How to Upgrade Your 2600mAh Powerbank to 5000mAh





Introduction: How to Upgrade Your 2600mAh Powerbank to 5000mAh

This video shows you how to upgrade your 2600mAh powerbank to 5000mAh. This is for the popular 2600mAh keychain powerbank found in eBay. You don't need a rocket scientist brain to do this!!!! :P

Warning! quick solder on battery terminal. Li-Ion battery can explode when expose to heat for long period of time. Best is to discharge the battery and wear safety glass.

What you need?

1. Soldering iron and flux

2. 5000mAh 18650 battery ($10 or less in eBay)

3. Precision screw driver or pryer

Step 1: Open the cover by create a small opening at the side and then insert pryer or precision screw driver to gently snap open the cover.

Step 2: Remove the internal battery and the USB circuit board from the holder. Check and remember the terminal wire colour (red wire for + and black wire for -)

Step 3: Unsolder the wire attached to the internal battery. Then solder the wire onto the new battery. Make sure the terminal is correct.

Step 4: Check the circuit by charging it and charge a usb device. If all well, close the cover. If all fails, check the wiring.

There you go, you have upgraded your 2600mAh powerbank to 5000mAh.



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    Sir, I have single cell powerbank. If I add the Additional same type of cell(parallel) then it would be OK or it may left burnt up the PCB?

    Addin the batteries in parallel is ok but don't connect in series or serial.

    That means we can add multiple cells so that the capacity is increased, but dont its PCB has any load of it?

    only if you connect the batteries in parallel you will maintain

    hey mate i dont know why but i connected 4 old laptop battery in parallel checked voltage it was 3.7v and then as soon as i connected the connections went red hot and burnt. Pcb was saved but am not sure why it happened. Then i started testing with two and its still happening same why is that so. And yes i am connecting in parallel and checking voltage on multimeter

    Perhaps instead of parallel, you accidentally connected them antiparallel, i.e. plus to minus and minus to plus. This is actually a short circuited series connection, causing the maximum possible current to flow, as much as the cells will emit. However, between the common terminals, the voltage is close to 0V, so there was no electrical damage to charge controller.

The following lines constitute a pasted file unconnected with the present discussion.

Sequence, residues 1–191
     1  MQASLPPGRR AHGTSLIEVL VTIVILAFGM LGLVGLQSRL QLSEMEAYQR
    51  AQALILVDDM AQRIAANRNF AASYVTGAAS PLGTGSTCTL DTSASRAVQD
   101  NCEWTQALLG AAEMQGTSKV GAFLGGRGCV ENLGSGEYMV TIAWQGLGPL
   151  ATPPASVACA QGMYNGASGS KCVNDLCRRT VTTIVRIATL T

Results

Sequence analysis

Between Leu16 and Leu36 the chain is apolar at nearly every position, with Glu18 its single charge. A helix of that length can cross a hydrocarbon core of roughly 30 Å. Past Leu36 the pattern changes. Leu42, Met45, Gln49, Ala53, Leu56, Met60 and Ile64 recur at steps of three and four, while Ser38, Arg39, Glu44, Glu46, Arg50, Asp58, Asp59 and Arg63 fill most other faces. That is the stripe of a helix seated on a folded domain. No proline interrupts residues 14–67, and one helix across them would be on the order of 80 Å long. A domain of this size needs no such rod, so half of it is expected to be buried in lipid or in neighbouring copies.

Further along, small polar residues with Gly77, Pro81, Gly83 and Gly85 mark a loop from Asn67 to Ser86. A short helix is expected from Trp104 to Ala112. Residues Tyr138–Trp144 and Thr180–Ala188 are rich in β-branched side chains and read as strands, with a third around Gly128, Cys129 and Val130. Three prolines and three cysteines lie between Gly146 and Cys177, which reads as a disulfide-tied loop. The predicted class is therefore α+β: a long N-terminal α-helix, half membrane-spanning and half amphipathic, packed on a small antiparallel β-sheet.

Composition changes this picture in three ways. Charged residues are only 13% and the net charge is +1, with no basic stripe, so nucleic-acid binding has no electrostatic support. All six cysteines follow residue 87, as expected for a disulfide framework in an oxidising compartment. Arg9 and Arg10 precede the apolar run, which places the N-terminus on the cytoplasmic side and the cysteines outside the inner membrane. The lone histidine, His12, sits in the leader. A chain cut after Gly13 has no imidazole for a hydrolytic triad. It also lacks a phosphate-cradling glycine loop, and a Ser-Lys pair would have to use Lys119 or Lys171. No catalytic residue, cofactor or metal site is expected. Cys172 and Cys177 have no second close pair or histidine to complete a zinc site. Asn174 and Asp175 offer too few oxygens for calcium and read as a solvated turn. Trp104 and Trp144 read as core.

That the wires got red hot means that the cells took thermal damage too. Toss them away, you can no longer use them.

    Another possibilty is much less likely, that one of the cells gained high ESR and another low, due to repeated series charging without full balancing, causing a difference in apparent voltage when they were connected, which caused compensation currents to flow. But it's difficult, nearly impossible for that to occur at such currents as to heat up the connections red hot, because then ESR is current-limiting. What normally happens is that it either levels off or the battery depletes itself and becomes useless, but no extreme temperatures.

    I actually used thin wires and those heated up. After using multi stranded wire it worked good. Connections were good though.

    Only if you connect the batteries in parallel you will increase the capacity but maintain the same voltage as a single cell bat. Usually the PCB in powerbanks accepts about 3.7V which is about the same as 18650 bat.

    I dont think there is such thing as a 5000mah 18650 battery i think the highest 18650 battery would be 3000mah

    You are quite correct. The highest capacity 18650 size cells are approx. 3500-3600 mAh, made by Panasonic (ex Sanyo) and LG Chem. Which is honestly quite impressive already, i mean anything beyond approx. 1600-2000 is no longer terribly trivial, which is about how much you can expect from cells made by Chinese chemical companies, no matter how much they exaggerate.

    I'm not sure i'd take those cells of unknown origin even for free, i mean what it they grow a lithium dendrite inside and short out? There's still plenty of energy in there to make the consequences uncomfortable.